Today I was checking out some hardware for a small portable system that I would be able to write with and maybe watch the odd video or two if I was bored. So I thought a nice netbook would work, something like the EEE PC or the Wind. It was while I was looking these over that I realized that the netbook as we know it is dead.
That’s right; we are watching the death of the netbook and the birth of the mini-notebook. It is a sad evolutionary process to watch. The original idea behind the netbook was a small portable device that would allow for internet, office productivity and a few low-end games and videos. This was a great concept and the 7-inch systems that soon flowed out were well put together and actually had more power under the hood than needed.
But it soon became the old game of cat and mouse between the OEMs as each one tried to stuff more and more power under the tiny little keyboards. Next came more powerful CPUs in the form of Via’s Nano, and Intel’s Atom followed HD capable graphics thanks to nVidia’s ION. We also see Microsoft jumping in, they are even demonstrating 1080p video playback on ION. But the fun does not stop there; we even hear nVidia pushing high-end gaming on its 9600M IGP combined with ION.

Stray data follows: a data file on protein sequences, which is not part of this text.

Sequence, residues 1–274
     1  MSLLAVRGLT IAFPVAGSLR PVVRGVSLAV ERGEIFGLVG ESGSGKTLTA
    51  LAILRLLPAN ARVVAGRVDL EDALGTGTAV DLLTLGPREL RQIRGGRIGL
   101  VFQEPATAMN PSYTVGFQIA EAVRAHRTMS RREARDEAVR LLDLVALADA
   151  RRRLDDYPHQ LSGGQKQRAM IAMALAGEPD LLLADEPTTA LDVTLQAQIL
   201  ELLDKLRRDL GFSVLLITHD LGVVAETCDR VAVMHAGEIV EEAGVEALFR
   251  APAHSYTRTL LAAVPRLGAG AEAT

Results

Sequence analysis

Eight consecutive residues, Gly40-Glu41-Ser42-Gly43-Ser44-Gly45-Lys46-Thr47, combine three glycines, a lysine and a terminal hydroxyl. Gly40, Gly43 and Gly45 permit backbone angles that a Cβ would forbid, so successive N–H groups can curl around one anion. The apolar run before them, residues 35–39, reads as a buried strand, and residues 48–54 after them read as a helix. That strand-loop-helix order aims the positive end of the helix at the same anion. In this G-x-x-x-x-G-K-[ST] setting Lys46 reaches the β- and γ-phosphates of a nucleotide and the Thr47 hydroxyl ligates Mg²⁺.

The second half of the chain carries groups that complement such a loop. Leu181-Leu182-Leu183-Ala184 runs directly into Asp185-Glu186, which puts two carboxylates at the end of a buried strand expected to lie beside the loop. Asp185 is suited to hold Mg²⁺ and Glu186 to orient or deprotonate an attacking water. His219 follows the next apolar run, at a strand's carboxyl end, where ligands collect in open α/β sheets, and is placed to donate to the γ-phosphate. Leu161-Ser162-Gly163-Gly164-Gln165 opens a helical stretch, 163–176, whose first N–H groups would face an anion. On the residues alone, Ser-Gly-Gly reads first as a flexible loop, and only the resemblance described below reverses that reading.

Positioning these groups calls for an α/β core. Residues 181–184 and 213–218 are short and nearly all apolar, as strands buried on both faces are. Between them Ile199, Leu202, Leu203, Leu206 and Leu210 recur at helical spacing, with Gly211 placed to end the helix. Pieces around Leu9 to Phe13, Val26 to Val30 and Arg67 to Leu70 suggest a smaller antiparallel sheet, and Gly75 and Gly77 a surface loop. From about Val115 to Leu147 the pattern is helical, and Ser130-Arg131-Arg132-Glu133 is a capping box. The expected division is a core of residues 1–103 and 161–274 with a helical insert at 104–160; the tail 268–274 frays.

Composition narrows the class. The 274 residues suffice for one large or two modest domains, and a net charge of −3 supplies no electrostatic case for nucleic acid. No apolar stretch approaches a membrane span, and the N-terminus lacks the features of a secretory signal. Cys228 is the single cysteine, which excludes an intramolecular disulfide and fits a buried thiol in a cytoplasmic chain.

So we have a great idea, shoved into the rat race of one-upmanship that companies do these days and we end up with a product that is light years away from its intent. I cannot imagine watching a Blu-Ray movie on a 10-inch screen and there is no way I would want to game on something that tiny. All that most people would want from something the size of a netbook would be stable performance and long battery life. I am not against putting out a better product, but as the OEMs stuff more and more into what was once the netbook, our inexpensive portable work machine becomes an expensive gadget with no practical use.
We see the industry’s need to prove who has the bigger tool will ruin a product for us all. Of course we get all of this in the name of providing a better product. But the funny thing is that until the industry told us we needed a better netbook; no one knew or cared.
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